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St. John’s escapes with 97-93 win over Boston College

St. John’s was blowing out Boston College. Until they weren’t.

NCAA Basketball: St. John at Boston College David Butler II-USA TODAY Sports

St. John’s faced their first high-major opponent and managed to both impress and cause worry in a 97-93 win over Boston College. Julian Champagnie, in his sophomore season debut, led the team with a career-high 29 points and 10 total rebounds.

The game got within two points late, as Boston College kept coming back despite being down as many as 20 in the second half, but the Red Storm held off the Eagles in their first game in the Mohegan Sun “Bubbleville”.

St. John’s improves to 3-0, and faces BYU on Wednesday — a new addition to the season schedule after the Red Storm cancelled their contest at Texas Tech due to the rising COVID case rate in the Lubbock area.

Boston College made it interesting late, as the Red Storm — filled with newcomers — struggled to close the game out late. In the last three minutes, the Eagles scored 10 points in a row. The Johnnies committed three turnovers, having a hard time getting the ball in and finding space, all while finding three players — Isaih Moore, Dylan Addae-Wusu and Vince Cole, newcomers all — foul out in the waning minutes.

The first act of the game was also rough, as the Red Storm took a few minutes before they found their legs. The Eagles led by as many as 10 in the first half, behind the attacking skill of wing CJ Felder and guard Wynston Tabbs, who led BC with 23 points on the evening. Boston College showed zone, but found that Posh Alexander, not thought of as a shooter, was happy to take, and make, threes.

Julian Champagnie looked rusty at first, but then got locked in for the second 10 minutes.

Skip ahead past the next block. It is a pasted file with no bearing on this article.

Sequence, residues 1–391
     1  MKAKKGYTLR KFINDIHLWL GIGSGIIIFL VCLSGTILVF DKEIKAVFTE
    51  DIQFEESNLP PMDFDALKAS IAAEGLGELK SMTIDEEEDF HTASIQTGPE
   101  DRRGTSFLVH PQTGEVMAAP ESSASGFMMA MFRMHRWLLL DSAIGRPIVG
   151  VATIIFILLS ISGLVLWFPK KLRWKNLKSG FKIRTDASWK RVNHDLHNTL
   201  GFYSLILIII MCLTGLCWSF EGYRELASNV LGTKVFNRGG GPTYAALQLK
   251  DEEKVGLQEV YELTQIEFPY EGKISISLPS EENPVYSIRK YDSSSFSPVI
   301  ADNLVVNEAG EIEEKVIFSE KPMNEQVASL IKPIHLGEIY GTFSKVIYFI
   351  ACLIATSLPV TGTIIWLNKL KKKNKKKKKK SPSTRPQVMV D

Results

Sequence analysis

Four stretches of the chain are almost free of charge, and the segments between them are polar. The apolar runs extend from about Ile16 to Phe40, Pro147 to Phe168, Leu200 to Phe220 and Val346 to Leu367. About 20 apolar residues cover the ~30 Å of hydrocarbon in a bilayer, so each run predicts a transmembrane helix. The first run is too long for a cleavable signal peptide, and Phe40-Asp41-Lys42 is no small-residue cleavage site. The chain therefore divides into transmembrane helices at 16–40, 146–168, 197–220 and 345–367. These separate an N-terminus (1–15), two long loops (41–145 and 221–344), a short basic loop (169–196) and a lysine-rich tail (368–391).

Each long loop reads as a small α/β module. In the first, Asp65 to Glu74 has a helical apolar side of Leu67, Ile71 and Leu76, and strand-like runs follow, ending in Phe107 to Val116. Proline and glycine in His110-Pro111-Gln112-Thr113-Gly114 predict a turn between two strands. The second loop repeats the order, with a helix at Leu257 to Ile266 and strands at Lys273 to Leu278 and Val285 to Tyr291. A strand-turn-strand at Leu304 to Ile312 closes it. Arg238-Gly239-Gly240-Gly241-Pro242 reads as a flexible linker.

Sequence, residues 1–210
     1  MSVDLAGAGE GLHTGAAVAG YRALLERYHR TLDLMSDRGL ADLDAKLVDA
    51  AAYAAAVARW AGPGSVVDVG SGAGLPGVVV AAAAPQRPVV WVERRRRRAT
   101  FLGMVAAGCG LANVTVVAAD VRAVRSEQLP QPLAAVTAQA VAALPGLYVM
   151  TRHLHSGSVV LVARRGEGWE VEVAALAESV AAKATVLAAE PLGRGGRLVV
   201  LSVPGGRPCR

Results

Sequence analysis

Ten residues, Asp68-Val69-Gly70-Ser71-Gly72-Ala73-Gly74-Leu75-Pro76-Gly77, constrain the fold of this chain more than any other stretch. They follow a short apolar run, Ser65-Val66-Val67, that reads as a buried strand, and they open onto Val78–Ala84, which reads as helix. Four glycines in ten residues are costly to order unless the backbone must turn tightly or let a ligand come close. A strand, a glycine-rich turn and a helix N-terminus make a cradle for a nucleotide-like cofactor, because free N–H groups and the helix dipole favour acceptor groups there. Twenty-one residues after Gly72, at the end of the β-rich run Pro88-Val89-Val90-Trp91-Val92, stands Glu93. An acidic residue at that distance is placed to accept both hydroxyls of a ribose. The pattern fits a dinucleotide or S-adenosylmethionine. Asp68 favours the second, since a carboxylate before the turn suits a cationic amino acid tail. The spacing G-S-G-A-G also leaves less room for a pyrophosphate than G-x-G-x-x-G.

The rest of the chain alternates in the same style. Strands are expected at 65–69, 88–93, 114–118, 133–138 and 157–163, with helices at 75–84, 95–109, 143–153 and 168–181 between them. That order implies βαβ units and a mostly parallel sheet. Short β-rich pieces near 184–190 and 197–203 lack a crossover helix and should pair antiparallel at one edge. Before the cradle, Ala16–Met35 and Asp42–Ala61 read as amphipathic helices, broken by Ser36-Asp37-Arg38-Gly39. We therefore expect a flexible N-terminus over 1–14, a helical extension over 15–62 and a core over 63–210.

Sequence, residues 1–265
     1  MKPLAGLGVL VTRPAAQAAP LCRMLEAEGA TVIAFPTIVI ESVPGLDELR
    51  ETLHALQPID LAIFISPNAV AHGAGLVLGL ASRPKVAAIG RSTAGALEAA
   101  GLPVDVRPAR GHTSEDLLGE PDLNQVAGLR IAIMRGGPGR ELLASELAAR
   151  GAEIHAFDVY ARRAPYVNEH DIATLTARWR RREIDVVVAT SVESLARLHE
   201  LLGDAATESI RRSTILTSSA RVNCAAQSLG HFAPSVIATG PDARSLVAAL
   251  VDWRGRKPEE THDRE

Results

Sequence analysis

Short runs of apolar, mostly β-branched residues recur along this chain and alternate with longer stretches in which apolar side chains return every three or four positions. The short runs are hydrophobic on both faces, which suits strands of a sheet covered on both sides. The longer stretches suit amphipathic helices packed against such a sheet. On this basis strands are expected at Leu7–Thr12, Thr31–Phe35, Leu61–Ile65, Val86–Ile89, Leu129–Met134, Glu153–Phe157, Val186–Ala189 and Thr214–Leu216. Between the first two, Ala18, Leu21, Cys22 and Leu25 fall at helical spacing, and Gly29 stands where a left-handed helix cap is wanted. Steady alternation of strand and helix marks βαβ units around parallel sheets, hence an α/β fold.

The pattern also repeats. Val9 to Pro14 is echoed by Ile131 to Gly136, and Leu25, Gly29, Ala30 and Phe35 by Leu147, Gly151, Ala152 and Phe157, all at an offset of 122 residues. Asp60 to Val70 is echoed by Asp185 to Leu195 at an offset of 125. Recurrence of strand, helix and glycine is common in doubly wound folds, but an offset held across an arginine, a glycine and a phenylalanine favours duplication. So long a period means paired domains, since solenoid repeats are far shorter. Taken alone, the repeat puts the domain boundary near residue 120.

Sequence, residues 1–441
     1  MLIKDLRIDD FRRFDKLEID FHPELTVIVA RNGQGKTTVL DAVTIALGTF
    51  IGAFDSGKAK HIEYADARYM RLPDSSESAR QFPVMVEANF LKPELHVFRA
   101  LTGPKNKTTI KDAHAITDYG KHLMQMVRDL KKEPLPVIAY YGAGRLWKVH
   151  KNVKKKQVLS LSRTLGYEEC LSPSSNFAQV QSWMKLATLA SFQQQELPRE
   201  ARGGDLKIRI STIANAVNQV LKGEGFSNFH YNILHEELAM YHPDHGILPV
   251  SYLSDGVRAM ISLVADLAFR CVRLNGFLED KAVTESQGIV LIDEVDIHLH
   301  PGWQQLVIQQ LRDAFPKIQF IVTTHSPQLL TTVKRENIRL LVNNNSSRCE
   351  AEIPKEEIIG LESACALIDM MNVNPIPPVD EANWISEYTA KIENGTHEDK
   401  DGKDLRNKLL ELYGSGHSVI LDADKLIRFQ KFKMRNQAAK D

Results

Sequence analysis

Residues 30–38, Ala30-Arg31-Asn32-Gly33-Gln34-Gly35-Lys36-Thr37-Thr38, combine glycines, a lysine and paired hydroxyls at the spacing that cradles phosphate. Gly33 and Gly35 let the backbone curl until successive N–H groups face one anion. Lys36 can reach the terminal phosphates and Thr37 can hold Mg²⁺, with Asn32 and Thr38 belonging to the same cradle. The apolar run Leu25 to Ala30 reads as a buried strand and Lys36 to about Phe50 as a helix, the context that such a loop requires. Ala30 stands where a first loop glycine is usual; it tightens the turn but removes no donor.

The Johnnies got the running game going and overwhelmed the Eagles with a 22-8 run. Champagnie ended the half with 14 points, while Alexander sparkled with 16 points; Dylan Addae-Wusu had five assists in the half while Greg Williams Jr. added four.

St. John’s was up 12 as the second half began, and BC cut the lead to eight with just over 17 minutes to play. The Red Storm activated their defensive length and got into the groove with 7-0 and 13-2 runs, powered by some sloppy Boston College play — including two Rich kelly turnovers and a Wynston Tabb turnover. The run was punctuated by a power dunk in transition by Greg Williams Jr. between two defenders.

Ah, a nice, finished game... right?

The last five or so minutes were a sign of the Johnnies’ youth and enthusiasm, perhaps, gone too far.

Boston College abandoned the zone and played in the chaos. St. John’s only attempted five threes in the second half, making five; the team also committed 10 of their 15 turnovers in the half.

And while the Eagles have struggled for years, players like Makai Ashton-Langford (13 points), Wynston Tabbs, Jay Heath (13 points) and Rich Kelly (11 points, all in the second half) are able to create their shots in transition, off of step backs, in traffic — in other words, able to play in the athletic chaos St. John’s wants to impose on the court.

Those turnovers led to a 14-0 Boston College run, but the Red Storm bounced back. With under three minutes to play, after a Marcellus Earlington make, the Johnnies were up 13. Even this lead was not safe, as the Red Storm gave up a 12-1 run to a hard-charging Eagles squad... thanks to more turnovers.

BC was as close as two points with under a minute left; the Johnnies had three players fouled out. Greg Williams Jr. drew fouls, but split two of his three pairs of free throw attempts.

John McGriff, fresh off the bench, combined with Greg Williams and Champagnie to force a turnover on Wynston Tabbs.., only to have Champagnie turn the ball over on an inbounds pass. Wynston Tabbs was stuffed by Champagnie on his second corner three on the ensuing possession, and John McGriff polished the game off with one of two free throws.

Looking back, Boston College might have won if they had not committed turnovers on 22% of their possessions, or had not missed eight free throws across the two halves. And St. John’s has a set of their own miscues to consider, problems a developing team cannot afford — poor late-game cohesion, Posh Alexander’s missed windmill dunk on an open breakaway.

The team is new, led by a freshman point guard; better games will come.

Posh Alexander was held to two points in the second half and finished second on the team in scoring with 18 points on 7/11 shooting. Greg Williams Jr. had 17 points, six assists and two steals.